Ancient oaks line streets with stately, postcard homes, recalling the days of cotton planters settling on a bluff high above the muddy Mississippi River. Steeped in history, Natchez, Miss., is never more breathtaking than in the spring when the azaleas bloom in manicured gardens surrounding some of the most magnificent antebellum houses in America. This year, 28 architecturally significant mansions are open for tours as Natchez celebrates its 75th annual spring pilgrimage.
Natchez offers a glimpse of the old south where time seemingly stands still. Antebellum homes open their doors to reveal splendid antiques and intriguing stories of the past. The mansions are eloquent reminders of the opulent life here when there were more millionaires per capita in Natchez than any other city prior to the Civil War. Named after the Natchez Indians, the town escaped destruction during the Civil War. It’s the oldest civilized settlement on the Mississippi River and boasts more pre-1860 houses and buildings than any other city its size in the country.
Several of the quintessential southern mansions have been turned into bed and breakfasts. When planning a visit, reserve a room as far ahead as possible. When we visited Natchez, we were heading home on a trip from Dallas. Since we waited until the last minute, we were disappointed to find the showplace mansions filled. We took the last room at perhaps the most unpretentious B & B in Natchez, The Burn.
Nestled among towering oaks high above the street, The Burn looks appealing up the long, winding drive past the rolling lawn. On a sultry afternoon, there were only a few people enjoying the gardens. While the bedrooms are adequately furnished, the main rooms of the house are in the process of being refurnished.
Built in the early 1800s, The Burn served as a hospital during the Civil War. A Greek Revival structure, the inn has one room available in the main house and four others in the outbuilding. We stayed in the “Laura” room on the second floor in the outbuilding. It was spacious with a king sized bed with a carved wood headboard.
In the afternoons, the proprietors offer wine to complement the atmosphere. Take a glass along as you walk through the gardens and perhaps find a quiet spot to absorb the scenery. Afternoons heat up quickly along the Mississippi, so we were anxious to get back inside.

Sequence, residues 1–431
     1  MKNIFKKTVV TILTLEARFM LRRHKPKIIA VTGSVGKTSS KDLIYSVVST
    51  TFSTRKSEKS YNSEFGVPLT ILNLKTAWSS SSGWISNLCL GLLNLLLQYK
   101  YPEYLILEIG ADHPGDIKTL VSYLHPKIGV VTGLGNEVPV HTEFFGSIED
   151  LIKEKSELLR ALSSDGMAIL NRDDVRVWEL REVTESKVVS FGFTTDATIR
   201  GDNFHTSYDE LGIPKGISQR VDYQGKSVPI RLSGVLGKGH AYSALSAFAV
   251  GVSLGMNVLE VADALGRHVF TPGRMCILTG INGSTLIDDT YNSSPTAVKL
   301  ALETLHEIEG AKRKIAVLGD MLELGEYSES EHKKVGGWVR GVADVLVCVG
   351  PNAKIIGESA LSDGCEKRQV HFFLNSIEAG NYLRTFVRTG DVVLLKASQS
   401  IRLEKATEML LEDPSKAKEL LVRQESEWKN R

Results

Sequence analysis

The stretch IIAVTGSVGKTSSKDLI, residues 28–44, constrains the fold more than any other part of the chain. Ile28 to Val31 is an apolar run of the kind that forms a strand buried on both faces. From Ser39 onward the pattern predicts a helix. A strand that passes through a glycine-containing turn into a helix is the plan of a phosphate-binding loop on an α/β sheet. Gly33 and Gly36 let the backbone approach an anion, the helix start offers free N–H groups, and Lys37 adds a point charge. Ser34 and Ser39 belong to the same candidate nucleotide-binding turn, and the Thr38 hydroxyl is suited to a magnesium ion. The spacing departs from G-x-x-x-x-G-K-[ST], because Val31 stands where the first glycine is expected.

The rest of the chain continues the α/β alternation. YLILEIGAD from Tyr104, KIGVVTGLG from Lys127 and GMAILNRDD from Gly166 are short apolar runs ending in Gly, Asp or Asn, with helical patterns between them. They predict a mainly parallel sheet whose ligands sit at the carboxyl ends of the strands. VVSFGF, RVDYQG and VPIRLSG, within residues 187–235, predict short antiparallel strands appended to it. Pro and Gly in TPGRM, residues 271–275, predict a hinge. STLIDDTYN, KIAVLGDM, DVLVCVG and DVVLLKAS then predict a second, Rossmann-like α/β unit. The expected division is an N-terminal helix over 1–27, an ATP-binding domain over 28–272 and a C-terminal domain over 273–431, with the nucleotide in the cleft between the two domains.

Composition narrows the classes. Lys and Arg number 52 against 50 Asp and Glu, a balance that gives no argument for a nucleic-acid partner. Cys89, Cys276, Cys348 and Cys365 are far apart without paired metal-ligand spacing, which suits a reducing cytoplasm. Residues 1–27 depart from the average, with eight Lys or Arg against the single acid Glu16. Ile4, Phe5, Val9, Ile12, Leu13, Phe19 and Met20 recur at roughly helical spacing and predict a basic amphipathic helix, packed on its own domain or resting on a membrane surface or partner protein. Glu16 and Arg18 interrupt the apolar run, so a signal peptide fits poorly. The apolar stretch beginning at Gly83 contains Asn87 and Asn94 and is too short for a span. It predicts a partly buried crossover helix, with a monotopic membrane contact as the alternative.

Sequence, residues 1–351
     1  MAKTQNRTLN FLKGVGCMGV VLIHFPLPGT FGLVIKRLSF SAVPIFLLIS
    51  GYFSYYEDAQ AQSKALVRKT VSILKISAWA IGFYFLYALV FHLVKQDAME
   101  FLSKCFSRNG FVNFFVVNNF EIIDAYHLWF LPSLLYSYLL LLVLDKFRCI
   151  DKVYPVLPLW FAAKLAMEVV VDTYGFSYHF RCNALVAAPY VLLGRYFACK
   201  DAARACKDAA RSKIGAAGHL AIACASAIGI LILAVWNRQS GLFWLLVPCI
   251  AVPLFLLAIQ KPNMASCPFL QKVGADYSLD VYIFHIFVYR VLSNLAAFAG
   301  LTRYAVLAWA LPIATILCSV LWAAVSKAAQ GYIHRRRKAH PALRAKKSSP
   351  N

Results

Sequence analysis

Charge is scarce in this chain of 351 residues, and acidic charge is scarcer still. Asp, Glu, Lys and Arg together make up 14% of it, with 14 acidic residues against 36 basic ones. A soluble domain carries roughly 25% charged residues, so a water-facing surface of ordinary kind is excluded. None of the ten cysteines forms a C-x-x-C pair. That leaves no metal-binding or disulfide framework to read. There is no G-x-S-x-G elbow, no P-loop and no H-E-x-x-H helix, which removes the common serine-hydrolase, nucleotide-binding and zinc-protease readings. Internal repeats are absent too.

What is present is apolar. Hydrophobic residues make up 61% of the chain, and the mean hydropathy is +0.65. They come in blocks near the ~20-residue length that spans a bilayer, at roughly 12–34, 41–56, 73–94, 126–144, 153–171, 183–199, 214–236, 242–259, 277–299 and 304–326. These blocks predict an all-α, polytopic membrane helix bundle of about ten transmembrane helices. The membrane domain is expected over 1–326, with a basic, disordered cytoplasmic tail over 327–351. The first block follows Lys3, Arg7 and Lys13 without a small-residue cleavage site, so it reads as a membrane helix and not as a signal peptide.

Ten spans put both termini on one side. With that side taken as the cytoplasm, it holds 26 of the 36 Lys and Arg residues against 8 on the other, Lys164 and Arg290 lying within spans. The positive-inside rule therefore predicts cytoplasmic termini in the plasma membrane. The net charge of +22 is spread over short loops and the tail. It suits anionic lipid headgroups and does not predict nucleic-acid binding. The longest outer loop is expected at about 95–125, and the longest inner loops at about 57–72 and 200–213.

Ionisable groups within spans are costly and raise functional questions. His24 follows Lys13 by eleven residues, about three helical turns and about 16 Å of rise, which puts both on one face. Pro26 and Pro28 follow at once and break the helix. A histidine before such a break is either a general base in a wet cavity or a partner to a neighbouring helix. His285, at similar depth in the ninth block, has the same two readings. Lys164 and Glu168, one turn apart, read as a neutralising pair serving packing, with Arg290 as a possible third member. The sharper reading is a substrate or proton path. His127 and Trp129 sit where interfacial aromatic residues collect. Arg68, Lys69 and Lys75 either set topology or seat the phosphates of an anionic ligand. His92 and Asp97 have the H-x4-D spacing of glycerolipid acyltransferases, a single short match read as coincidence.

We explored the town before going to dinner. Downtown Natchez contains an appealing array of shops. On Franklin Street, Antique Row is especially interesting. Plan your trip better than we did as we arrived at five in the afternoon on Saturday. To my dismay and my husband’s delight, the shops were closing and are not open on Sundays.
Our innkeeper recommended The Castle restaurant at Dunleith. When I saw this elegant bed and breakfast, I knew I wanted to return to stay at this inn. With its magnificent façade, Dunleith epitomizes antebellum architecture surrounded by 26 towering columns supporting double galleries.
The Castle Restaurant was originally the 1790s Gothic carriage house at Dunleith before being renovated. Paintings and prints of horses accent the walls. Tables are covered with white cloths centered with a hurricane shade holding a flickering candle. Tapestry covered chairs complement the elegant look.
My husband and I couldn’t resist the seafood “Castle-let” on the menu. This scrumptious dish is rich with shrimp, scallops and crabmeat served over risotto topped with hollandaise sauce. It’s accompanied with roasted fresh asparagus. Seduced by the setting, we threw calorie caution aside and shared a sublime crème brulee.
At The Burn, breakfast is served in the main house at round tables with floor length white cloths centered with pink and yellow blooms. A huge antique sideboard displays the morning juice selections. Breakfast includes an egg casserole, grits, bacon, sausage, biscuits and fresh fruit.
Another inn we toured, Monmouth is a gorgeous bed and breakfast high on my list of places to stay. Breakfast is included at the luxury inn and in the evening a five-course dinner is offered in the lavishly decorated dining room.
Some interesting things to do in addition to touring homes include visiting the Stratton Chapel Gallery to view a hundred years of Natchez history depicted in photos, touring the Old South Winery and taking a horse-drawn carriage ride.
On the way home, we traveled part of the way on the Natchez Trace. Originally an Indian trail, the Trace was an important path for Spanish explorers, British troops and early settlers. This historic highway is a peaceful ride carved through a dense forest with scenic venues. Historic sites along the way are reminders of the wealth of history in this area, wistfully calling you back to relive memories from another time and place.